A couple years later it’s 1873 and a great financial panic strikes brutally with icy indifference. Across Europe and North America economies collapse. With weak, or non-existent, central banks the holes open deep, wide, and quickly. It mercilessly lasted for several years. It was so devastating that the crisis was called “The Great Depression” up until the 1930s. Then, of course, that title was supplanted by the economic abyss of the ‘30s. With that lost decade, the numbing economic circumstances commencing in 1873 passed to the brink of historical oblivion, surviving now with the mere understated label of “Panic.”
But the Panic was grave: It nearly ruined the implausibly colossal
Krupp manufacturing empire in the newly united Germany.
Panic. Depression. Prices collapsed. Currency depreciates. Cash flow seizes up. Businesses flounder, especially those leveraged with credit, as debt must be paid back with more valuable currency – and at a time with decreased receipts.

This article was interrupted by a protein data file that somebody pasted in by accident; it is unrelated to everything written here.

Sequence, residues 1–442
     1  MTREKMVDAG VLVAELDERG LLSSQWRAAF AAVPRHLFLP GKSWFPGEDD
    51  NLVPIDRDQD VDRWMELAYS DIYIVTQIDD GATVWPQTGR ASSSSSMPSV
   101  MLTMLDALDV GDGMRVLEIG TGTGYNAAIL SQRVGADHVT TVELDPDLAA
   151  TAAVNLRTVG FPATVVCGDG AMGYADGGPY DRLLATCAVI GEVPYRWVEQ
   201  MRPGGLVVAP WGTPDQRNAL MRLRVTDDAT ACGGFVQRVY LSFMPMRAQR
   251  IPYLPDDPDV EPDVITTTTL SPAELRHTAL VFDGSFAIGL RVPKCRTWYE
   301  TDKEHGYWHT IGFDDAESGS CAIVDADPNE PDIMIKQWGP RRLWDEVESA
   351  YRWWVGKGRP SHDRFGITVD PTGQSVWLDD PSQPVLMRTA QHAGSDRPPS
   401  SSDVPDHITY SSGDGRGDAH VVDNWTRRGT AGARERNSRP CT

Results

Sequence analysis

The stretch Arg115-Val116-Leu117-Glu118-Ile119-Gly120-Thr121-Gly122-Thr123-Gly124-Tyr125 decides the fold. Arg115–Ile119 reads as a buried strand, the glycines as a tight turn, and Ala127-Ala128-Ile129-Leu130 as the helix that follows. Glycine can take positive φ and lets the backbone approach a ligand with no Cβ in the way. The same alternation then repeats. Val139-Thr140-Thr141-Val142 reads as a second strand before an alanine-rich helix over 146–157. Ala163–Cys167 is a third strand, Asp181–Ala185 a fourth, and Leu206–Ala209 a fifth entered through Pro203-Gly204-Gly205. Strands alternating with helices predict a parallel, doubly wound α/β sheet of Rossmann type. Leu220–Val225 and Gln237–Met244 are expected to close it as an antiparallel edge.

With his employer’s iron and steel business staggering (coincidentally, Krupp’s major product was also steel) young John Kohler saw an opportunity. He made an offer to purchase his employer’s entire operation. Vollrath and his partners were ready to sell and get out with their skin. Kohler joined in ownership with a small team, led by him; but he was majority owner of the firm. Before the decade flipped to the ’90s he would own it all.
One of the reasons historical economists provide for the panic was the massive over-building of railroads. The US was on a rail building spree. With bank and investor support, based on expectations of an ever-expanding economy, and the need for transportation to support it, railroad lines and networks grew stunningly and precipitously in the years after the civil war. This was perhaps, an example of malinvestment: money so cheap, and/or optimism so great, that capital which could have been either saved or conservatively invested chases after bigger returns, blind to risk. As railroads require vast amounts of steel (locomotives, boilers, tenders, cars, rails, depots), and capital to expand, it’s no surprise that many steel vendors found themselves in trouble.